10. You should avoid moisturizer and sunscreen if you have acne
People believe that moisturizer can make oily skin and acne worse. However, moisturizing is important as it actually helps to get rid of excess sebum (oily secretions) that clogs pores, causing acne. You should look for a light, oil-free and non-comedogenic moisturizer.
Since the sun can make acne worse and some acne medications may increase your skin’s sensitivity to sunlight, you should also protect your skin by using lightweight sunscreen (especially those with zinc oxide which may kill acne-causing bacteria) or makeup with SPF.
11. There’s a cure for acne
Unfortunately, there is no cure for acne; it’s a chronic condition. But, it can be controlled effectively with the right treatment. Everyone’s skin is different, so what may work for one person may not work for another. That’s why it’s important to see a dermatologist as soon as possible if you have acne. Not doing so can worsen the problem.
Some effective treatments for acne include: isotretinoin (which modulates inflammation), benzoyl peroxide (which kills bacteria) and topical antimicrobials.
12. Popping a pimple will make it go away faster
It’s oh-so-tempting to pop pimples, but it makes the problem worse by pushing bacteria deeper into the skin, triggering an inflammatory response. Cytokines are released to help fight off the bacteria but some have a scarring type of healing response, so the pimple will become swollen and leave a scar. Ask your dermatologist for a treatment or to drain the cyst instead.
13. Pimples happen overnight
While a pimple may have popped up while you were sleeping, it was likely days—if not weeks—in the making. A pimple is formed when the sebaceous glands under the skin produce too much sebum and excess dead skin cells build up, clogging your pores. The bacteria, P. acnes, may then multiply in your pores and cause inflammation (swelling).
14. If men grow their beards, their acne will go away
Growing a beard certainly makes acne less visible, but it’s not the cure for men’s acne. That’s because acne can be caused by many different factors including diet, hormones and the environment.
However, shaving improperly can aggravate or trigger acne breakouts. This can be prevented by using an electric razor and softening hair with warm water before shaving it.
15. Spot treatment is enough
While spot treatment may clear up your existing pimples quickly, it’s not enough. That’s because pimples take days to form so there may be other pimples that are forming under your skin—you just can’t see or feel them yet.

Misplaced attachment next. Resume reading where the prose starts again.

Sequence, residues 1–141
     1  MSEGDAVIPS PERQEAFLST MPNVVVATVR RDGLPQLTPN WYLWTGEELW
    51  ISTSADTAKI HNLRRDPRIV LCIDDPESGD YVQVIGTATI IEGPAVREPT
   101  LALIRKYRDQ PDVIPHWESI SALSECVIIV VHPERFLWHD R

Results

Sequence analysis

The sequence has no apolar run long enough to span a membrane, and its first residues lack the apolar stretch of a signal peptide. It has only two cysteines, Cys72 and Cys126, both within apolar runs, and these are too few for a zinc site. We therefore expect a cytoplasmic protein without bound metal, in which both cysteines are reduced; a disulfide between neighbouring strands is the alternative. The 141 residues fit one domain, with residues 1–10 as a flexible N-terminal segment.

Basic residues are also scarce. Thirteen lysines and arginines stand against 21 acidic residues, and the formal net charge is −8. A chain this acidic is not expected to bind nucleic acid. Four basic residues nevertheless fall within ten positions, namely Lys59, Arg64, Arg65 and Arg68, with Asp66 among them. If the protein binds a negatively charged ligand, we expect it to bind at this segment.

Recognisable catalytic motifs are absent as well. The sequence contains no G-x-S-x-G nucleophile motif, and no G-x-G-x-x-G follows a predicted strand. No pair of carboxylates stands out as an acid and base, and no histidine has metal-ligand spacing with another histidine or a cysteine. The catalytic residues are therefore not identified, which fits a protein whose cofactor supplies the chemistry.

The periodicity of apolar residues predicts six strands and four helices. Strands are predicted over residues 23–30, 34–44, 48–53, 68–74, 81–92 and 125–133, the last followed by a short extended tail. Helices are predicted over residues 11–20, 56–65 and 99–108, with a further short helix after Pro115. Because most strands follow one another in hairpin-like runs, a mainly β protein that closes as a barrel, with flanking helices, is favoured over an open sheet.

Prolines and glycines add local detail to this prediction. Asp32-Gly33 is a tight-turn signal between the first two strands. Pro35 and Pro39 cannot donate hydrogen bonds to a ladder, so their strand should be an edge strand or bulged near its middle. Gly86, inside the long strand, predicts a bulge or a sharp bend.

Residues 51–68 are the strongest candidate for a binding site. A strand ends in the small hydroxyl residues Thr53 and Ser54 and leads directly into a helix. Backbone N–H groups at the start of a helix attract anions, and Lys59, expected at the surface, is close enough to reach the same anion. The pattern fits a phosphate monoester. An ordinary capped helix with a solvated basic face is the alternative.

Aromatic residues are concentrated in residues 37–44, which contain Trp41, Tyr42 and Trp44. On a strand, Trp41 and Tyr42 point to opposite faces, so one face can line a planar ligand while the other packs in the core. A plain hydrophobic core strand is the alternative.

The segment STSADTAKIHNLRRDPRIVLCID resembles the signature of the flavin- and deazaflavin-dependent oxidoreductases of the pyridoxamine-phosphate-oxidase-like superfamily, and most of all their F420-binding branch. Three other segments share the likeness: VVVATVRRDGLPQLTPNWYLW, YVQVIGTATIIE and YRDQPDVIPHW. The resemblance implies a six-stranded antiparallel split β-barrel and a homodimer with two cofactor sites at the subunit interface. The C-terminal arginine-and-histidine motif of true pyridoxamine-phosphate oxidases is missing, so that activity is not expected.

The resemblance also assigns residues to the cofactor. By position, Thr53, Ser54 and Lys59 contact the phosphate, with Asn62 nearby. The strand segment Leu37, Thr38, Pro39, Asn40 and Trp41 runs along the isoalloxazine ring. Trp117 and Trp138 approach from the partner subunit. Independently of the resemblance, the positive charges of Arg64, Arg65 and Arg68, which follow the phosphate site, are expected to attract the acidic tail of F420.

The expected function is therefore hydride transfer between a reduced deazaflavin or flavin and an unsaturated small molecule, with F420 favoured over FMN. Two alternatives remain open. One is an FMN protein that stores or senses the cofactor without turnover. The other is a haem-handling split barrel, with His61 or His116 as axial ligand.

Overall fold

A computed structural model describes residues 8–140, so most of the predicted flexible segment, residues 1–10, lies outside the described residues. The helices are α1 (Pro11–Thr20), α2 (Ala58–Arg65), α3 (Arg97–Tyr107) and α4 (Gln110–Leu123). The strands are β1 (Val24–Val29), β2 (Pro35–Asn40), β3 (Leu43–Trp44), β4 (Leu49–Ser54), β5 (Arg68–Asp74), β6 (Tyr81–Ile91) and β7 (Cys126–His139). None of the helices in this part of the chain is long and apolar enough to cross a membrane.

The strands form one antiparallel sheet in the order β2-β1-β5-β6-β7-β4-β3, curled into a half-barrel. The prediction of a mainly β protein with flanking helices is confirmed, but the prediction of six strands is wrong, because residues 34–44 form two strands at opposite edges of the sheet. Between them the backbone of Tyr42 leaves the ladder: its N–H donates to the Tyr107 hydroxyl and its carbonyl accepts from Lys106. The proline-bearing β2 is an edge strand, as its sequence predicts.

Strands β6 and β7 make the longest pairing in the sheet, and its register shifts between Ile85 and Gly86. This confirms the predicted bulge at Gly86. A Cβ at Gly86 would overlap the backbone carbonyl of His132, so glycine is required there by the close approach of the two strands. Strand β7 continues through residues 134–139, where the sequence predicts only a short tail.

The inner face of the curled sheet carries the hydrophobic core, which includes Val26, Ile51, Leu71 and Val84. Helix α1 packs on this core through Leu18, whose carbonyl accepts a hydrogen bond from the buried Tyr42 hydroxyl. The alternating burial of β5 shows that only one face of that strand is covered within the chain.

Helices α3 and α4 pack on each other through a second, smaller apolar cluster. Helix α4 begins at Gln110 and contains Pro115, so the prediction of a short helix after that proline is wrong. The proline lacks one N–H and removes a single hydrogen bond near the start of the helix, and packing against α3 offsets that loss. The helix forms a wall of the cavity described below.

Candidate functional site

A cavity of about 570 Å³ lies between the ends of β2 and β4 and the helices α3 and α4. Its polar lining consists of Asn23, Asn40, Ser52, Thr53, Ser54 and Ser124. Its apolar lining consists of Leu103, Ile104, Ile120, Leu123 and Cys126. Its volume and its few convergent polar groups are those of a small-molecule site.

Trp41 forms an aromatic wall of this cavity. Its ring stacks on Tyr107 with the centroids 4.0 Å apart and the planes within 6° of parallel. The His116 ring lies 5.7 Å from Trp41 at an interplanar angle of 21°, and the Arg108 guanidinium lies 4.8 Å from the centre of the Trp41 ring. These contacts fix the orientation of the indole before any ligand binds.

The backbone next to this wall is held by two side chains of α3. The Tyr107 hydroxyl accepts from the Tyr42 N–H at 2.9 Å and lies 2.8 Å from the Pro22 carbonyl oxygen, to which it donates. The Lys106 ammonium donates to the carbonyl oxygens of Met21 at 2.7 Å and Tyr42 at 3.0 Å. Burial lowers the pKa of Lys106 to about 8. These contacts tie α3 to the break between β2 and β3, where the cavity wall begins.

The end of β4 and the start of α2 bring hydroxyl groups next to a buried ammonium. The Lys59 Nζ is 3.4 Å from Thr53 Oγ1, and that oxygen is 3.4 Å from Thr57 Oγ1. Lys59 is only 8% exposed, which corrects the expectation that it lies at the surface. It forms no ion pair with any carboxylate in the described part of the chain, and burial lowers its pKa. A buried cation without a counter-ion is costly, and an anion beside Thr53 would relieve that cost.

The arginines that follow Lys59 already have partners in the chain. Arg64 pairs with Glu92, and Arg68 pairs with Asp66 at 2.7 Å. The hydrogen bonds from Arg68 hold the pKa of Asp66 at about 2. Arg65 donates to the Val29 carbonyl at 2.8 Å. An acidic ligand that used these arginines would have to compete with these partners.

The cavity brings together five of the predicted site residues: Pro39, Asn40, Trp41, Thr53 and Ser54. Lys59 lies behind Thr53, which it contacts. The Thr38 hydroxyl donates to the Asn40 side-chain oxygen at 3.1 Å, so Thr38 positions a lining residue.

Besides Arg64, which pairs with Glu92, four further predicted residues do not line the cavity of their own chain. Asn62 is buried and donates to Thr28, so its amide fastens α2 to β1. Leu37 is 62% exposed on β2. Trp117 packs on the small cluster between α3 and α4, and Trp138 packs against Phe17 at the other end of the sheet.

So, spot treatment doesn’t prevent new pimples from forming. You need to treat all your skin with an effective treatment.
16. Blackheads are dirt in your pores
Blackheads may look like dirt, but they’re just oil and dead skin cells clogged up in a pore that’s exposed to air—oxidation is what makes it black. Retinoid treatments help to prevent and get rid of blackheads by increasing the turnover of skin cells, leaving pores unclogged.
17. Body acne can be treated like facial acne
Topical products aren’t absorbed well by your body because the follicles on your body—which allow the bacteria-fighting ingredients to go into your skin—are further apart from each other than they are on your face. You may need to use antibiotics and change your diet to treat body acne.
18. Stress has nothing to do with acne
When you’re stressed, your adrenal gland produces cortisol to help the body respond the stress. However, a bit of testosterone also leaks out, causing the oil glands to produce extra oil. And you know what that means—pimples.
19. Smoking doesn’t impact acne
Some studies have shown that smoking may cause non-inflammatory acne breakouts. This may be because smoking reduced vitamin E, an antioxidant, in the skin. This can lead to damaged sebum, which triggers acne. It could also be that smoking increases acne-causing hormones.
20. You just have to wait for the acne phase to pass
Acne can be a chronic condition, lasting years. You do not want to be sitting there waiting for the phase to just pass by. This can make your acne worse and may take a toll on your self-esteem, too. See a dermatologist or pick up an over-the-counter treatment as soon as possible.